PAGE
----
Due to these high-paying contracts from a controversial entity like Saudi Arabia, many fans such as first-year biology major Manny Lakombe believe these actions bring into question a player’s love for the game.
“I have been watching soccer for years,” Lakombe said. “This is not the first time a league like the Saudi [Pro] League has tried to poach players, but nobody has done it to this extent. It feels like players are playing for money and not the passion and pride like we are used to. [The Saudi Pro League] is starting to corrupt the [soccer] world.”
Soccer is not the only sport the Saudi Arabian government has set its sights on. Starting in June 2022, the country backed the LIV Golf tour and started to offer and poach some of the Pro Golf Association’s (PGA) biggest names away from the game.
The plans for the LIV Golf tour were years in the making, but everything began to fall in place on May 31, 2022 when Dustin Johnson signed with the tour for a reported $125 million. This move by Johnson was soon followed up by premier European talents such as Sergio Garcia, Lee Westwood, Ian Poulter and Martin Kaymer who all followed suit. Just a week later on June 6, 2022, the tour would sign three-time Masters champion Phil Mickelson to a $200 million contract.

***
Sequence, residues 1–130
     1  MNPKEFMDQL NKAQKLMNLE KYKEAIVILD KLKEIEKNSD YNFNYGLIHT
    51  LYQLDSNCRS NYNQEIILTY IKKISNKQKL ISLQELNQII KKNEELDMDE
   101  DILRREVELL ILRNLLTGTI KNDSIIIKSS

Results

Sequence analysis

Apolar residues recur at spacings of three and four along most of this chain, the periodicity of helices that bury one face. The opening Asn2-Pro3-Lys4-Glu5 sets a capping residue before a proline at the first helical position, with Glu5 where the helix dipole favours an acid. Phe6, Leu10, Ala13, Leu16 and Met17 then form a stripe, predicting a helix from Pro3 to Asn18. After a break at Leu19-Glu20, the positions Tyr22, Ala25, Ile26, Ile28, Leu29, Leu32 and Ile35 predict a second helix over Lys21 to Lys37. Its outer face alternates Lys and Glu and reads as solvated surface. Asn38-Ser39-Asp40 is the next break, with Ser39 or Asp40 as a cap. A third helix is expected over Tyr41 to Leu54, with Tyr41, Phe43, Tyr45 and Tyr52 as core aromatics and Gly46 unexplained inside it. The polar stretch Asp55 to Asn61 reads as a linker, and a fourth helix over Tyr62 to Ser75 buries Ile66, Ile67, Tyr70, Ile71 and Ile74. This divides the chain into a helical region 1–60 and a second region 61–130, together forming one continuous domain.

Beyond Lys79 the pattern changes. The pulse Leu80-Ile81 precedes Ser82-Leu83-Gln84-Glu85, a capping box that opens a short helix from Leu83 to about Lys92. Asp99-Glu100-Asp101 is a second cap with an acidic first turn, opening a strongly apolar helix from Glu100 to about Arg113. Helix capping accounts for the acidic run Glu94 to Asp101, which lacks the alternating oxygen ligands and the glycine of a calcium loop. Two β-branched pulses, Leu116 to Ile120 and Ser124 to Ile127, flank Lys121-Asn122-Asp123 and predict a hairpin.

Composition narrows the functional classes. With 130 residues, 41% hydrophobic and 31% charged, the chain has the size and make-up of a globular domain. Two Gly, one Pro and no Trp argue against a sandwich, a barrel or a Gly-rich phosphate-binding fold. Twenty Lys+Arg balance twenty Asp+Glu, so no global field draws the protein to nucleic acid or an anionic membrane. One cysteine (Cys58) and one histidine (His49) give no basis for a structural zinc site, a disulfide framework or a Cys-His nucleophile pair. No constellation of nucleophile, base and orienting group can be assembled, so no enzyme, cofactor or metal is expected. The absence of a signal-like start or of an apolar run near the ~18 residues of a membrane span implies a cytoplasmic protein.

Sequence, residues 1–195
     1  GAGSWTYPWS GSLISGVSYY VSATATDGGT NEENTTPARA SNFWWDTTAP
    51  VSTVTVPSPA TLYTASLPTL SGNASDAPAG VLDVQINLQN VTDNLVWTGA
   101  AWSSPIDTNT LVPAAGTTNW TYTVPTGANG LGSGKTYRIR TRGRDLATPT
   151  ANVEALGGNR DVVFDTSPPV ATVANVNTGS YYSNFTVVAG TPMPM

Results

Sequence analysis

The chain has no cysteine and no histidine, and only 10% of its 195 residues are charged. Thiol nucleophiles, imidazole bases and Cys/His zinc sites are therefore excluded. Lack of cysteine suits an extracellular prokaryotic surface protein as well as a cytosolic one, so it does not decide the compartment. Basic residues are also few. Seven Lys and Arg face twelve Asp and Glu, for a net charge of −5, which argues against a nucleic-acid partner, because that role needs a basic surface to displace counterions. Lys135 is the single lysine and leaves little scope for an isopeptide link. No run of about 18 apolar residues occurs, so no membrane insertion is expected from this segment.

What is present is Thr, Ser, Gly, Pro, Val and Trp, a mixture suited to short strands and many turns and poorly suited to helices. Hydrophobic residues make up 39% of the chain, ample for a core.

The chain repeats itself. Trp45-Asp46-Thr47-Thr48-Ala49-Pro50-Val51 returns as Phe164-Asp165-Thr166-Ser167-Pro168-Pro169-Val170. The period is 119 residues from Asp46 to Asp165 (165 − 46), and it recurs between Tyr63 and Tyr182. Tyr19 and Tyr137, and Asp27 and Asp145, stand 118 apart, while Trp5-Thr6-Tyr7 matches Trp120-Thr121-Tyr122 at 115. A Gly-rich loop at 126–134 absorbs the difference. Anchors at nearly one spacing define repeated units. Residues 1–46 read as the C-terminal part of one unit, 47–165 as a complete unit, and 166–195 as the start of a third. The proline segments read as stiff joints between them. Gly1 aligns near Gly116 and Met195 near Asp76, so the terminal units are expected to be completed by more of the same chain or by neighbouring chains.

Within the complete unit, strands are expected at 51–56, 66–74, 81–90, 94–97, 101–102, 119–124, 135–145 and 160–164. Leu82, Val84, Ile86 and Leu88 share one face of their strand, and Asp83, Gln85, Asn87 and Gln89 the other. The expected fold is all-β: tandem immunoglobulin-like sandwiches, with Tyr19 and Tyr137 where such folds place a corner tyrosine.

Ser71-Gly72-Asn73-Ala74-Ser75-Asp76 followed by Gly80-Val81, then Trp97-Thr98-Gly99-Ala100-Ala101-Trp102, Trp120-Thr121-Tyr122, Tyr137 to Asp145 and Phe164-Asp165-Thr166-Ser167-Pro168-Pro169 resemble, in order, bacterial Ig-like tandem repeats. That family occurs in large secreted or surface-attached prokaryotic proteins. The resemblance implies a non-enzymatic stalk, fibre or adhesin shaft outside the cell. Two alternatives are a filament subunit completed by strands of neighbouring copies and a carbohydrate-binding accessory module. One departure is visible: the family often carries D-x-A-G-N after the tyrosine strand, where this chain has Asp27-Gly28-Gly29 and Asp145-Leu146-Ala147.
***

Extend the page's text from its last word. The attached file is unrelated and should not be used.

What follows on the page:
As all of this unfolded over a year ago, the PGA would send out a letter to all of its members announcing that the 17 golfers competing at the Centurion Club with the LIV would be suspended or ineligible for future tour events. During the first event in June 2022, LIV would announce the round of recruits featuring Patrick Reed, Bryson DeChambeau and Pat Perez. As June came to end, more and more former PGA Tour winners would secede to LIV including Brooks Koepka, Carlos Ortiz and Matthew Wolff. As each week passed, there was more and more animosity and money revolving around the two tours.
Despite this, two of the biggest names in the sport stayed strong and true to the PGA Tour: Tiger Woods and Rory McIlroy. LIV CEO Greg Norman would publicly announce that Woods had turned down an offer in the “neighborhood” of $700-800 million. On the other hand, McIlroy, who was never offered money by the tour, stated he would rather retire than join the tour, “even if it was the last play to play golf on earth.”